Elizabeth S. Budilarto
Department of Food Science
College of Food and Agriculture
Studies on the Initial Stage of Lipid Oxidation in Bulk Oils
Professor Afaf Kamal-Eldin
15 December 2014
During the oxidation of bulk oils, oxidation products (i.e. peroxide values, conjugated dienes and thiobar-bituric acid
reactive substances) are formed gradually and increased sharply at the end of the induction period. Tocopherols were
consumed, some water was formed, and micelles increased in size during the induction period of vegetable oils oxidized
in bulk. The evidence that the evolution of micellar size was in parallel with the end of induction period corroborates
the recognition that micelles are the active site of oxidation. The interactions of α-tocopherol and three synergists:
ascorbyl palmitate, phosphatidylcholine and L-lysine were studied in cod liver oil, to examine their effects on formation of
thiobarbituric acid reac-tive substances. Second order polynomial models were found to satisfactorily represent the slope
of changes of conjugated dienes, thiobarbituric acid reactive substances and α-tocopherol during the induc-tion period.
The suggested optimized levels of the four additives to protect cod liver oil at 30°C based on the rate of thiobarbituric acid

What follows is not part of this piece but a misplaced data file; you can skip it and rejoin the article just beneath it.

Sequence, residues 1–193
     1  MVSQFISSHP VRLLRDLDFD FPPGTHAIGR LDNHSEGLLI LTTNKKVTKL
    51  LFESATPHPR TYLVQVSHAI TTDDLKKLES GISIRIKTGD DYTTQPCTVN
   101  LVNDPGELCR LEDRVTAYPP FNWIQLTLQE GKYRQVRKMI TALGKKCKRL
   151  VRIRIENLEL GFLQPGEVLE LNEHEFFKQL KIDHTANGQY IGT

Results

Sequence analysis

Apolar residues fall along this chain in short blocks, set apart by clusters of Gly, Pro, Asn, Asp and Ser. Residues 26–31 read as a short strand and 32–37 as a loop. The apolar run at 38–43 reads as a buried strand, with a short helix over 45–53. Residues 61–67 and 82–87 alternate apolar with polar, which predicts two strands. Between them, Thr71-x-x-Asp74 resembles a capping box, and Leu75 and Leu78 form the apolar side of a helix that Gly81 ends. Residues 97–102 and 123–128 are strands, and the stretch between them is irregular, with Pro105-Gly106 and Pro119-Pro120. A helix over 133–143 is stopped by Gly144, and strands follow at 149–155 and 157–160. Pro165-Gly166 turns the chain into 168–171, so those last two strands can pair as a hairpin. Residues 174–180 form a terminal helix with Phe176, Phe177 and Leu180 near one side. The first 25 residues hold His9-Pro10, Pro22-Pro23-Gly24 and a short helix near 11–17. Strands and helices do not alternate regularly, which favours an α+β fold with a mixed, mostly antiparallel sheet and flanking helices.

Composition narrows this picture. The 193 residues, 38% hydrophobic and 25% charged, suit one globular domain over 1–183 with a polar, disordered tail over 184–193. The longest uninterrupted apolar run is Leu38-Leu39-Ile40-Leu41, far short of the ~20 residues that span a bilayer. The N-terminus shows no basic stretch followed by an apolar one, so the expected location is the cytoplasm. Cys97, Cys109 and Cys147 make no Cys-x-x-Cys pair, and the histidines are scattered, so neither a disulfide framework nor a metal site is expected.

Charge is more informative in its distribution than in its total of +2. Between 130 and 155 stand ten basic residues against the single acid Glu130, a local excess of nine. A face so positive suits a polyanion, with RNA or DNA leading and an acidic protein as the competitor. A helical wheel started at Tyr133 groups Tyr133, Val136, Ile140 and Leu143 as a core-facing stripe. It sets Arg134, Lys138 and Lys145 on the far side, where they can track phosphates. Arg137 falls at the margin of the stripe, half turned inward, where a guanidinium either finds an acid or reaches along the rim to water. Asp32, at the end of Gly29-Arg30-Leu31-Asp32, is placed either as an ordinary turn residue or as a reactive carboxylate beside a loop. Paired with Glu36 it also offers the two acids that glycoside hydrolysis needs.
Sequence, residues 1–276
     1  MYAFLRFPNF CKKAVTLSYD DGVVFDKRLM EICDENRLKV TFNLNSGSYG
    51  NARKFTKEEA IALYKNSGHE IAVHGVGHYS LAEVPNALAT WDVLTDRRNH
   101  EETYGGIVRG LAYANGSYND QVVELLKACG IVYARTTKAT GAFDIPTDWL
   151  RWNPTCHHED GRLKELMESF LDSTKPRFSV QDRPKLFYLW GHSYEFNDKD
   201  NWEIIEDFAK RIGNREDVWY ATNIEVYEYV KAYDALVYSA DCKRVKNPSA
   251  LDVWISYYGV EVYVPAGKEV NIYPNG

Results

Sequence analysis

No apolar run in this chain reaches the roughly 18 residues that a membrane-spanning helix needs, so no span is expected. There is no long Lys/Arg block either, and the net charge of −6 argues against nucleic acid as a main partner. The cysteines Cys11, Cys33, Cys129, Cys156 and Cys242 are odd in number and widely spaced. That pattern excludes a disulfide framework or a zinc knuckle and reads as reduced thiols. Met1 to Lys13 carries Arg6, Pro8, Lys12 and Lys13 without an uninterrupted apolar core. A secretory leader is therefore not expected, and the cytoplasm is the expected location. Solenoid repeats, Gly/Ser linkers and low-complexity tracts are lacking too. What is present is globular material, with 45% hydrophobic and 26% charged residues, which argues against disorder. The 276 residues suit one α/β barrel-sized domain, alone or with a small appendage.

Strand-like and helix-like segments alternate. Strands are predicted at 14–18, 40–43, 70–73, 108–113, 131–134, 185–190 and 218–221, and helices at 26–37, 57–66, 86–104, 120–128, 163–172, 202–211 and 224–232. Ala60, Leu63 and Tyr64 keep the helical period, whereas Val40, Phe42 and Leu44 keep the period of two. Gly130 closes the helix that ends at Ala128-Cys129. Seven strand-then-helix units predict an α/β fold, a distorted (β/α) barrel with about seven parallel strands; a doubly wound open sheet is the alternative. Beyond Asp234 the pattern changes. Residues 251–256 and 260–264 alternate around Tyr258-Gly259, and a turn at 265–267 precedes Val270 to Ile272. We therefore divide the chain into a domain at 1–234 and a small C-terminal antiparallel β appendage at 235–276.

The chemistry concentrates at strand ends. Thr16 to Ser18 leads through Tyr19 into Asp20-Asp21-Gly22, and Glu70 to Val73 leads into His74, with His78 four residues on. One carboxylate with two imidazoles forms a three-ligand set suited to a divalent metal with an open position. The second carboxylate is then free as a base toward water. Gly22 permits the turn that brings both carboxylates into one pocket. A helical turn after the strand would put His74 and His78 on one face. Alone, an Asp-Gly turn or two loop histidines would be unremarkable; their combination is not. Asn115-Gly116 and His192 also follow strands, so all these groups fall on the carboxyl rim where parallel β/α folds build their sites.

reactive substances formation and loss of α-tocopherol (day 0 to 4) are α-tocopherol (1200 μg/g), ascorbyl palmitate (100
μg/g), phosphatidylcholine at (9000 μg/g) and L-lysine (1000 μg/g). Higher level of α-tocopherol and ascorbyl palmitate
did not give better protections to the oils or caused a loss in the antioxidant efficacy, compared to when the additives
were added at lower levels. Phosphatidylcholine was effective at a wide range of high concentration while L-lysine
improved the pro-tection at levels up to 4000 μg/g.
Research Relevance and Potential Impact
The oxidation of lipids is a very important reaction in foods and biological systems and its implications extend from rancidity in foods to
atherosclerosis and other complications in the human body. Understanding the mechanism of lipid oxidation is important for the control and
management of this reaction. For about half a decade, the explanation of the initiation, propagation, and termination of lipid oxidation reactions
was based on the free radical mechanism. The research presented in this thesis focuses on the involvement of micelles in the catalysis of lipid
oxidation and the explanation of the role of different chemical species on the reaction rate. This new understanding will open doors to tailoring of
innovative antioxidant and synergistic strategies.
• Budilarto E. and Kamal-Eldin A. The Supramolecular Chemistry of Lipid Oxidation and Antioxidation in Bulk Oils. Accepted, European Journal of
Lipid Science and Technology, 2015. DOI: 10.1002/ejlt.201400200.
• Budilarto E. and Kamal-Eldin A., Stabilization of cod liver oil with a quaternary combination of
-tocopherol and synergists: Method of
assessment. Accepted, European Journal of Lipid Science and Technology, 2015. DOI: 10.1002/ejlt.201400637.
• Budilarto E. and Kamal-Eldin A., Water content and micelle size change during oxidation of sunflower and canola oils. Accepted, European
Journal of Lipid Science and Technology, 2015. DOI: 10.1002/ejlt.201400632.
I would like to work in scientific based work or projects, either in the academics, a research institution or an industry. I would like to apply the
knowledge that I have learned to do research, find solutions and create safer healthier food products.